Coalesce (Les affluents, Jessé Miceli, 2020)

The frustrated dreams of three young men eventually collide in Jessé Miceli’s aptly titled debut Coalesce (Les affluents). Starring mainly non-professional actors, Miceli’s neon-lit journey through the backstreets of Phnom Penh at night exposes a different side of a changing nation caught in the midst of rising urbanisation while contending with the aspirations both of neighbouring economic powers and a thriving ex-pat community. Yet in the end the prognosis is not as bleak as it first seems, some dreams are achieved, if imperfectly, while even those which are not still may be. 

The youngest of the three men, teenager Songsa (Sek Songsa), says almost nothing and if he has a dream it is perhaps only to live his own life as he pleases. 20-year-old Thy (Rom Rithy), meanwhile, yearns for a motorcycle and, apparently disowned by his father who prefers his half-brother, has taken a job as a host/dancer in a gay bar frequented mainly by Western men. 24-year old Phearum (Eang Phearum) borrowed money to buy a taxi to earn money for his family who are in danger of losing their land but is privately preoccupied and perhaps defeated by the news that his schoolteacher wife is expecting a baby. 

Each of the men ultimately find themselves in Phnom Penh in search of different things but discovering something much the same. The contrast with the rural homes of Songsa and Phearum couldn’t be more stark even if quite literally presented in day and night. Songsa, it seems, did not perhaps want to go to the city and especially to sell knock off jeans from a disused taxi bus at the behest of his frustrated tuktuk driver uncle, but in any case the responsibility proves too much for him and he’s clearly not ready for the adult world his uncle and the owner of the bus, Leap, already inhabit. He resents their drinking and rebuffs their attempts to force him to join them, but alone on the bus at night finds himself subject to another element of city darkness as a drunken middle-aged man crawls in through the window and attempts to grope him. His only solace is discovered when he wanders off and stumbles into a death metal rave, head banging his frustrations away.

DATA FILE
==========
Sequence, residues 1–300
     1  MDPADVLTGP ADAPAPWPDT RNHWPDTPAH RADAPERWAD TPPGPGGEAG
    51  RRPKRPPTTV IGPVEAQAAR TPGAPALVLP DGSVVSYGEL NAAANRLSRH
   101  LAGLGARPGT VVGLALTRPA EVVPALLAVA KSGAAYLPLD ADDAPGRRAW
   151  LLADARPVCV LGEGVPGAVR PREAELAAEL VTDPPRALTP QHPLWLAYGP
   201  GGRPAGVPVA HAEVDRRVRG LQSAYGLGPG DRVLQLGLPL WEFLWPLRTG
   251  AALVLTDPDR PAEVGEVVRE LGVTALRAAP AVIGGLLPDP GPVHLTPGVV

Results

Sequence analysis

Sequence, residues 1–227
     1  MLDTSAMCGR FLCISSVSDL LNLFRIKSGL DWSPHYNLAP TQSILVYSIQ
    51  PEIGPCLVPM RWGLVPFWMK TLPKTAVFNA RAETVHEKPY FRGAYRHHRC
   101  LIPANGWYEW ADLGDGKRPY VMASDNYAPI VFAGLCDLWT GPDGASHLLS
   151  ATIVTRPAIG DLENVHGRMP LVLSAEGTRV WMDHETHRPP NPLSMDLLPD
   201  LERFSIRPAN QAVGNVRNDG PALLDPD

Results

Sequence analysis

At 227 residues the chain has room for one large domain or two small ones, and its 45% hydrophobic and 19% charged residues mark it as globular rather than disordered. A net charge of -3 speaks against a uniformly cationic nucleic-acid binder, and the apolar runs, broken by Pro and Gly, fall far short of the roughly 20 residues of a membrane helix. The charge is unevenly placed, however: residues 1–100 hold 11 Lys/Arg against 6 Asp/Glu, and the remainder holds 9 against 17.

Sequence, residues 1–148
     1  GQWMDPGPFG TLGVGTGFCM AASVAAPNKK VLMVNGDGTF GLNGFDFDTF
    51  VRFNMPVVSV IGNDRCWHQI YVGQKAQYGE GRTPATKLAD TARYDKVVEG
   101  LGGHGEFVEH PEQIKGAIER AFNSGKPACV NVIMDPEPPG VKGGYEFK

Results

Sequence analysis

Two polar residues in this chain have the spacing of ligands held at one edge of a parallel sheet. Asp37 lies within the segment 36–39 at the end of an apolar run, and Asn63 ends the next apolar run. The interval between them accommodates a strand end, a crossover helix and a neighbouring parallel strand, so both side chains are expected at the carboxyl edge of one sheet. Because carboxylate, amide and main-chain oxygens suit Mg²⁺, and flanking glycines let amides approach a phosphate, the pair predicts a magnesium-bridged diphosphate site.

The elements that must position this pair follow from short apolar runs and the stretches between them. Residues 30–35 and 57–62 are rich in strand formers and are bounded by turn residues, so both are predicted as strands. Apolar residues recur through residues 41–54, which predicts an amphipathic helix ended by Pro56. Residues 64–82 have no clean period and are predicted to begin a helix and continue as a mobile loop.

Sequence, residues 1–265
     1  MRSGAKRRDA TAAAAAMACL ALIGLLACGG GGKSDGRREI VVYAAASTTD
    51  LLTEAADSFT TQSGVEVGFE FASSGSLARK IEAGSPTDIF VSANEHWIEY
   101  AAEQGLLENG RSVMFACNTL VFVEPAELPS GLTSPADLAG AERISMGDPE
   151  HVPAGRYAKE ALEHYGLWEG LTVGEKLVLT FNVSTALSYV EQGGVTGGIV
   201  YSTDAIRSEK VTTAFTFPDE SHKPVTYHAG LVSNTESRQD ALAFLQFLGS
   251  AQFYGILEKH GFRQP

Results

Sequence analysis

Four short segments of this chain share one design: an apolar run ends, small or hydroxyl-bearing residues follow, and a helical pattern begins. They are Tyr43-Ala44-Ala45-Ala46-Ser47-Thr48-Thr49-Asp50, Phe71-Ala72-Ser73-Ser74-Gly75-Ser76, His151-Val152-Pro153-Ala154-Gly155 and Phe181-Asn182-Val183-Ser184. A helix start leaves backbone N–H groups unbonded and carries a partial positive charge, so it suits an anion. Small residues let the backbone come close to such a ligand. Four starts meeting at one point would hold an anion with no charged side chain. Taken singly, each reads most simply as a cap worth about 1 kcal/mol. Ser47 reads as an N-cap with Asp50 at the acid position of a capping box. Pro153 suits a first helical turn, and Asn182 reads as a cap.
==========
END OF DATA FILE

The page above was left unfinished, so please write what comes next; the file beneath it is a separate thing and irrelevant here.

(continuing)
Across town, Phearum is at another party in an upscale gallery invited by two, fairly obnoxious, Western women who climbed into his cab not long after he dropped his wife off at a doctor’s clinic for a potentially dangerous medical procedure. Already drunk, the women insult and belittle Phearum in English while one eventually tries to proposition him, offering money when he turns her down. Phearum doesn’t take it but appears to accept the situation with good humour and bemusement. Thy, meanwhile, eventually turns to casual sex work to pay for a bike an injured friend of a friend needs to sell. It’s not clear if Thy is actually attracted to men even if not exclusively, later taking a girl home after a bike ride through the country, or merely in need of well-paying work but it’s difficult to dismiss the implications of exploitation at the American-run club which seems to cater almost exclusively to Westerners exoticising the young, good looking Cambodian staff who earn a dollar’s commission on every drink sold. 

Then again, Phearum’s dream is to give up his taxi and open a garage selling cars to the influx of Chinese businessmen driving the expansion of the local economy largely through casinos and other leisure facilities supported by the tourist trade. He listens intently to an estate agent in the back of his cab who works for Chinese developers, keenly asking about the price of land perhaps weighing up selling rather than buying. The aspirations of the three men are eventually headed for an ironic collision, though the “one year later” conclusion perhaps seems unduly contrived filled as it is with exposition and the conceit that former strangers have become lifelong friends through a single, traumatic episode. Nevertheless, there is more hope than expected in Miceli’s vision even if tempered by compromise as the trio remain determined to push forward having identified their direction of travel, reclaiming the city as their own while also looking out for each other in what appears to be an often hostile environment. 


Coalesce streams in the US until March 21 as part of the 12th season of Asian Pop-Up Cinema.

Original trailer (English subtitles)